Unlike many parents, I absolutely adored the Terrible Twos. Two-year olds are so completely authentic, and they also feel their emotions so completely, you can see their expression from head to toe. Whether bliss or outrage, there is no mistaking where they stand.
I used to sit back and laugh (yes, my poor children) at these outbursts. We adults have learned to manage our emotions so that we don’t have to skip through the hallway or pound our fists on the floor. We can be civilized and mature unlike these toddlers who have not yet learned to manage their emotions.
But we also have depression, anxiety and divorce rampant in our society. Perhaps part of the problem is that we spend too much time and effort managing our feelings rather than feeling them, respecting them, acknowledging them.
It’s not fun feeling despair, depression or disappointment. And it’s too easy to dwell on them to the point of rumination and escalation. For example, I tend to be a ruminator, just regurgitating that bad event over and over in my mind. Usually I stay on the anger side because that’s easier to cope with than sadness or shame. Then if I really want to ruin my day (and probably the relationship), then I start to create a chain of assumptions: well he must also believe that _____; well she must’ve also ________. Rarely, when in this mood, are those assumptions forgiving or compassionate. Then I feel worse, ruminate some more on these new assumptions and down I go. This is the adult version of the temper tantrum but instead of just manifesting the feelings through our body, that toxic emotion might infect our whole life.
I feel so much more grown up when I don’t go down that rumination/assumption spiral and instead turn it around to find positive emotion. I can find forgiveness. I can find perspective. I can understand their point of view. I can find the silver lining, one of my best talents. I can just manage those feelings right away. Doing so makes me feel so much more in control, wise and mature.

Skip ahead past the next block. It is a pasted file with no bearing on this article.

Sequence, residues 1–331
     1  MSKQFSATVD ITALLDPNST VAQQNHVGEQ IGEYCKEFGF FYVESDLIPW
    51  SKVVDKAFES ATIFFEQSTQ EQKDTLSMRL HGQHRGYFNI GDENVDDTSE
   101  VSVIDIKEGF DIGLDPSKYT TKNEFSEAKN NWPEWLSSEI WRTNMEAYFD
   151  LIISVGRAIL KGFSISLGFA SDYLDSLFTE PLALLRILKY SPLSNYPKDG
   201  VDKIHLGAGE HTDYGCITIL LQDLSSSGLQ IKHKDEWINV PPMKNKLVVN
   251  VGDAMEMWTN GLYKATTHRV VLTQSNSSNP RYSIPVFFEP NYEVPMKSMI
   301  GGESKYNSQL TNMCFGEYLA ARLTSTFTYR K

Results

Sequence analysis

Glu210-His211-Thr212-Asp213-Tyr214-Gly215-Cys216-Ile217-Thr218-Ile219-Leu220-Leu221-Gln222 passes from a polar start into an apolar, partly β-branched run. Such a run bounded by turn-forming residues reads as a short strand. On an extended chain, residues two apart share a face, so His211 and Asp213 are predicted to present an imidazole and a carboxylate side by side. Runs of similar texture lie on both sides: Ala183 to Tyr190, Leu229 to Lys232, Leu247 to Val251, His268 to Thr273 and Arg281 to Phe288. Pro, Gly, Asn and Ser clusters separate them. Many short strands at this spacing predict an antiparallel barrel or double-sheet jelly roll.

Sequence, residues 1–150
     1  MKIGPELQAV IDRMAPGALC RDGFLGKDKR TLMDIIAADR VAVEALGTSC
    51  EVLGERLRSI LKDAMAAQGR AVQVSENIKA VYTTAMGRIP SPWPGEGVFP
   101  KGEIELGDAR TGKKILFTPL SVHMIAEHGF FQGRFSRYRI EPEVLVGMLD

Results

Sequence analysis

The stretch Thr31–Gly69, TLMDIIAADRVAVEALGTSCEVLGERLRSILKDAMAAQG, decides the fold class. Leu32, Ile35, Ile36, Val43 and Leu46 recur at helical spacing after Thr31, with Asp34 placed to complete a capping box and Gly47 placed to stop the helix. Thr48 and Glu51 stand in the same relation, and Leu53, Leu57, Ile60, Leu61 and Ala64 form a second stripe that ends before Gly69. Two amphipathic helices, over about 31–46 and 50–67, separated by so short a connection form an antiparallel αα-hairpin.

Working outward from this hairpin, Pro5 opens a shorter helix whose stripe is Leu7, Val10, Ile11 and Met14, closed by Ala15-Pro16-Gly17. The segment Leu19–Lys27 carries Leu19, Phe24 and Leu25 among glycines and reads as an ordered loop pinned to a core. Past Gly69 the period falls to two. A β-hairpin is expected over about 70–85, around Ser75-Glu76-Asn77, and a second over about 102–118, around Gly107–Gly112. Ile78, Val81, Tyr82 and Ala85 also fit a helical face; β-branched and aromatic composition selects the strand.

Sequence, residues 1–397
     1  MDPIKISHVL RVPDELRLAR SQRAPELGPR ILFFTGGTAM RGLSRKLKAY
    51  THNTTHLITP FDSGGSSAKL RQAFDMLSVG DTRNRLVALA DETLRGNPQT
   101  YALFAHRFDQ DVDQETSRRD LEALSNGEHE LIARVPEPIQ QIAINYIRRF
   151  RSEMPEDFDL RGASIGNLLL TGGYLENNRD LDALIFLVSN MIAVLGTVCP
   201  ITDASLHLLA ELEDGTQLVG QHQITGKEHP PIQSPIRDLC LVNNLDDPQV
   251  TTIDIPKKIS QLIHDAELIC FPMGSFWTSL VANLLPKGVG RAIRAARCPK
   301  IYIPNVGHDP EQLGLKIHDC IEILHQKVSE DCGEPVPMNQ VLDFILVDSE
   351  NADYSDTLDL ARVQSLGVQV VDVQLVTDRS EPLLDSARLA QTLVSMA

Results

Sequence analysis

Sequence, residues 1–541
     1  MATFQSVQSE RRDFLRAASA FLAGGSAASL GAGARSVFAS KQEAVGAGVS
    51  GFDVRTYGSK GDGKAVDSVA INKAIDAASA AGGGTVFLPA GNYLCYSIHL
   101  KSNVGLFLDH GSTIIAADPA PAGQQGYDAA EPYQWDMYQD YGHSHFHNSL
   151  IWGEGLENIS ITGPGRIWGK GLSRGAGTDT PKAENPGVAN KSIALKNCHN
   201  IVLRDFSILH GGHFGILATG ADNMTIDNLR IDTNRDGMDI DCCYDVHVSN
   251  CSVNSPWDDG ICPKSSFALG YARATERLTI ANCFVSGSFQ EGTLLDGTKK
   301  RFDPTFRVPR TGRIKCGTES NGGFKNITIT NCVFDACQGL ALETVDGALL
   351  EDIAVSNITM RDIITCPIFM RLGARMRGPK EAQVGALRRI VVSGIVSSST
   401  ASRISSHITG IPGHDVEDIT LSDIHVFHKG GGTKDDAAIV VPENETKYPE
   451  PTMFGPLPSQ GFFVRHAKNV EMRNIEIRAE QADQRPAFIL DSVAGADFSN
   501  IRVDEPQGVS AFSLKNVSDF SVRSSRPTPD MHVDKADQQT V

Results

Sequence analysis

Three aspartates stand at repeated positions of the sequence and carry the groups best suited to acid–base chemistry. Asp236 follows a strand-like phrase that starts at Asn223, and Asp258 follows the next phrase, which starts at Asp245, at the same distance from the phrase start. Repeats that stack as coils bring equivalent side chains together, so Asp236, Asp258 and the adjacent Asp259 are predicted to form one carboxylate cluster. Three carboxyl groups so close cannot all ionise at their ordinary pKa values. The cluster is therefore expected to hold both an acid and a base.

But when I skip the part where I feel and share my emotions before going into forgiving and re-evaluating, then those negative emotions just seep out of me in my tone, actions, and choice of words in a sort of toxic radiation that’s invisible to me. Then I’m surprised when others are reacting to me like I’m a b**ch. My self-awareness is pretty much down to zero at this point all the while thinking I’m managing my emotions like a pro.
I’m starting to learn how to tell when I have bottled feelings up that I have not dealt with. I can’t meditate. I feel tightness in my chest that I can’t let go of. Others, as I’ve mentioned, tend to be short with or disrespectful to me or avoid me like I have bad breath. I have trouble accessing my awe and joy.
So I’ve learned from Chris that effective emotional management is more about finding that sweet spot in feeling those emotions in a constructive manner (avoiding rumination and escalation) before trying to turn them around into something positive. In other words, positive emotion needs a clean, uncontaminated soil to really grow.
What’s your formula for emotional management? Do you tend to dwell in or skip the feeling, escalation or re-evaluating/turn around stages? What strategies do you use to find the right balance?